Tartan details point to the pub's Scottish heritage and bullfighter kitsch speaks of Spain. Photo: Angela Wylie
Black and sludgy doesn't often add up to yum but when it's squid ink paella at a fun Spanish pub, the equation becomes delicious. The Robbie Burns dish is as dark as a Doona cave, thanks to squid ink that's stirred into the rice with seafood stock as it's cooked. Cubes of cuttlefish are hidden in the inky morass. Bright-white grilled scallops and salty tangles of baby octopus add brightness and balance. Rich, garlicky aioli comes separately: stirring it in adds silky bite to the sturdy rice. Paella purists would gripe about the paucity of soccarat - the crunchy, sticky crust that lurks at the base of the pan - but the fact that we made such an investigative excavation is a tasty vote of confidence.
It's 15 months since the Robert Burns was renovated and relaunched as a smart Iberian tavern. It's settled nicely. Tartan details point to the pub's Scottish heritage, bullfighter kitsch speaks of Spain, and the tiles, timber and exposed brick are bold, basic Collingwood. There's a courtyard but if it's not too hot I like the tables for two alongside the kitchen. The front bar is a drinking and snacking zone; the raucous spillover can affect shared areas such as the bathroom.
Service can be patchy. Sure, the waiters will listen to orders and plonk down food but it feels like some staff think waiting tables keeps them from the important business of strolling around with eyes elsewhere. More passion and less promenade would be an improvement. Luckily, the food is good. Crusty bread is served with plenty of good olive oil. (So often in restaurants, the oil runs out before the bread.)
Special: squid ink paella at the Robert Burns Hotel in Collingwood. Photo: Angela Wylie
Crumbed oysters are a multilayered summery take on crunchy, fried mouthfuls; the oysters are popped back into their shells with jamon and a little gazpacho. The busy grill turns out reasonably priced lamb, rabbit, beef and seafood with a choice of sauces. A salad of witlof, radicchio and blue cheese with Pedro Ximenez sherry vinaigrette doesn't look much but it eats well to the bottom of the bowl. Sherry also makes a syrupy cameo in the ice-cream that's served with a simple but perfect almond tart.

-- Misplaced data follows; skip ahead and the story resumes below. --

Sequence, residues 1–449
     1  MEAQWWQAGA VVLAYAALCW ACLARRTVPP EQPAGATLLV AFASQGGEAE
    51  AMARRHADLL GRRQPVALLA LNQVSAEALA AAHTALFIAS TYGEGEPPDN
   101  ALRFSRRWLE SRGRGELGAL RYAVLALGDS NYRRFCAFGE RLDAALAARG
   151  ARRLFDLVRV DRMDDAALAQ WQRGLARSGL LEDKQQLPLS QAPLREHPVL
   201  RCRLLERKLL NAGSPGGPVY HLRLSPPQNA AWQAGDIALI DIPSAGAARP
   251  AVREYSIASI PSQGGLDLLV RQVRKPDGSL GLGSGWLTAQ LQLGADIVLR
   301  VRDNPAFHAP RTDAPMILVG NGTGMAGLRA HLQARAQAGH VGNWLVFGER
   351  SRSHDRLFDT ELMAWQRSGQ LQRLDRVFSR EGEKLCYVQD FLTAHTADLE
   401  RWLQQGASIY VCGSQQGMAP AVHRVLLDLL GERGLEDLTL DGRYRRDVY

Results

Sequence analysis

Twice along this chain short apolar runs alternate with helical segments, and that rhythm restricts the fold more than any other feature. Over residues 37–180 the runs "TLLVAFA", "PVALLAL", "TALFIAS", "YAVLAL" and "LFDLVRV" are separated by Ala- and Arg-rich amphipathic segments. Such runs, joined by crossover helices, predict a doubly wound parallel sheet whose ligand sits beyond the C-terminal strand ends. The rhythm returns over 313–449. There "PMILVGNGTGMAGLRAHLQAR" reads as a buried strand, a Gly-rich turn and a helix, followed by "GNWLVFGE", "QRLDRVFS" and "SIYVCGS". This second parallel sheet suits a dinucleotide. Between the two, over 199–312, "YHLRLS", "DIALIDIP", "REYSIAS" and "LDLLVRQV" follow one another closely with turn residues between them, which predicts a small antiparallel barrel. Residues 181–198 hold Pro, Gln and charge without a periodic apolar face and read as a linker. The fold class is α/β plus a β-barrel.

There's a jaunty Spanish wine list but I recommend the sangria, available in frosty glass or jug, as rosy as a particular reindeer's nose and with a good mix of thirst-quenching and leg-wobbling ingredients.
* Closed December 24-27 and January 1-3
Santiago Tapas Bar, 14 Armstrong Street, Middle Park, 9696 8884. Daily dinner.
Tapas are a focus but paella is also served on Wednesday and Saturday nights. An early sitting on Thursday is designated family time: prams are welcome and there are kid-friendly mocktails.
MoVida Next Door, corner Flinders Street and Hosier Lane, city, 9663 3038. Fri-Sat lunch; Tues-Sun, dinner.
I love the many MoVidas but this might just be my favourite. Pop in for a tin of razor clams, oysters shucked to order and potato bombs stuffed with chorizo.
Naked for Satan, 285 Brunswick Street, Fitzroy, 9416 2238. Daily lunch and dinner.
The new rooftop terrace here is called Naked in the Sky and it promises to be a great summer spot for drinking and Spanish snacking. Think prawn and bacon skewers and pork knuckles with clam sauce.
- (03) 9417 2233
- Cuisine - Spanish
- Prices - Entrees $10.50-$18.90, Mains $20-$28, Desserts $3.40-$10.90
- Features - Licensed
- Cards accepted - AMEX, Mastercard, Visa, EFTPOS
- Opening Hours - Mon-Tues, 5pm-late, Wed-Sun, noon-late
- Author - Dani Valent